Study Does Not Support HPV Vaccine in Older Women

Janis C. Kelly

February 17, 2010

February 17, 2010 — Findings from a natural-history study of human papillomavirus (HPV) have led the investigators to conclude that the "potential benefit" of HPV vaccination in older women (≥42 years) is "low."

The research team, led by Ana Cecilia Rodríguez, MD, from the Proyecto Epidemiológico Guanacaste, Fundación INCIENSA, in San José, Costa Rica, found that the rate of new HPV infections declines with age and that new infections usually do not progress to grade 2 or 3 cervical intraepithelial neoplasia (CIN) in older women.

The investigators found that infections at baseline were more likely to persist in older than in younger women (P < .01 for a comparison of 8 groups). Furthermore, most of the grade 2 or worse CIN disease that was detected during follow-up (66 of 85 cases) was associated with infections already present at baseline.

The 7-year study of Costa Rican women — the largest ever to examine age, HPV persistence, and cervical cancer precursors — was published online February 15 in the Journal of the National Cancer Institute.

This is a great paper.

"This is a great paper, the longest follow-up study to date available on women in a broad age range," said Silvia Franceschi, MD, who was approached by Medscape Oncology for independent comment.

Dr. Franceschi, who is coordinator of the epidemiology and biology cluster at the International Agency for Research on Cancer in Lyon, France, noted that there seems to be very little to gain by vaccinating women older than 25 years or so.

"The 'dangerous' or persistent infections may be already there and will not be eliminated by the current HPV vaccines," she added. "The pharmaceutical industry's claim that vaccine should be given to older women because HPV infections are more dangerous after a certain age has been proven not to be true."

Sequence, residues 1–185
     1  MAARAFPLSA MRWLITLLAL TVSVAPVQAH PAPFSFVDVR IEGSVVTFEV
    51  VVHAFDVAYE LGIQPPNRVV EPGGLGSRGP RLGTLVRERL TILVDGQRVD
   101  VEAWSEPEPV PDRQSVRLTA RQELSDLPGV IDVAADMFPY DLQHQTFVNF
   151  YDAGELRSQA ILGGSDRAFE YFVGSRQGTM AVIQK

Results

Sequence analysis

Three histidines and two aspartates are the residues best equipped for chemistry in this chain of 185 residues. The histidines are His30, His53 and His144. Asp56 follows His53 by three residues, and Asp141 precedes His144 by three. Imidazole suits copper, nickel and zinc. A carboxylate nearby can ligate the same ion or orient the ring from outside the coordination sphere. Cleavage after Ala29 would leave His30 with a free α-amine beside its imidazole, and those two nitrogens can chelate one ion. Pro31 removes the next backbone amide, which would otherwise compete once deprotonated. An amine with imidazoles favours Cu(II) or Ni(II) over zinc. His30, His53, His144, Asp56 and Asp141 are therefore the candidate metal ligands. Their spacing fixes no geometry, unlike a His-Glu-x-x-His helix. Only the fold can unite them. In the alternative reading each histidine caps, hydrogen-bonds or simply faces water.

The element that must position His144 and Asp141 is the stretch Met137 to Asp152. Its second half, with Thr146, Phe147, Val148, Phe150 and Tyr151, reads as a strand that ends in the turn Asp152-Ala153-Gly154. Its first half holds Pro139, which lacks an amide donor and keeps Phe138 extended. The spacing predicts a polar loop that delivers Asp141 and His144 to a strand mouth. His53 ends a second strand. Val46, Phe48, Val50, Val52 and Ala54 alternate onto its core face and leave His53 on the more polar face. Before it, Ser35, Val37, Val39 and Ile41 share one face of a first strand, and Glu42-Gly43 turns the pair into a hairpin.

More Than 9000 Women, 7-Year Follow-Up in HPV Study

The researchers screened more than 9000 women, 18 to 97 years, in Costa Rica. Those with CIN 2 disease or worse at enrollment were treated and not followed any further. Among the remaining participants, those at low risk for CIN 2 or worse were rescreened at 5 to 7 years (passively followed), whereas higher-risk participants and subsets of low-risk women and initially sexually nonactive women were rescreened annually or semiannually (actively followed) for up to 7 years.

As noted above, most women diagnosed with CIN 2 or worse during the study period were already infected with a carcinogenic HPV strain (prevalent infection) at the time of initial testing.

Regardless of the woman's age, most newly detected HPV resolved and did not lead to CIN 2 or worse during the study period. Total cumulative CIN 2+ associated with newly appearing infections ranged from 2.1% to 6.2% over the first 3 years of follow-up.

Age-related changes in immunity have also been a concern, and the data showed that women older than 34 years were not at greater risk than younger women for progression to CIN3+ after 3 years. Newly detected infections led to a CIN3+ diagnosis in 0 of 17 women 34 years or older and in 5 of 41 (12.2%) women younger than 34 years.

Furthermore, rates of newly detected HPV infections declined sharply with age, from 35.9% in women 18 to 25 years to 13.5% in women 42 years and older in the actively followed group.

Among infections present at first examination, persistent infections were more common among women 42 years or older than among younger women.

The researchers conclude that cervical cancer risk is determined by the previous overt duration of carcinogenic HPV infections, not by genital warts caused by HPV 6 or HPV 11, and not by age. New infections, which are the only type that can be prevented by currently available HPV vaccination, carry little near-term cancer risk at any age, and most of them resolve within 2 to 3 years, say the investigators.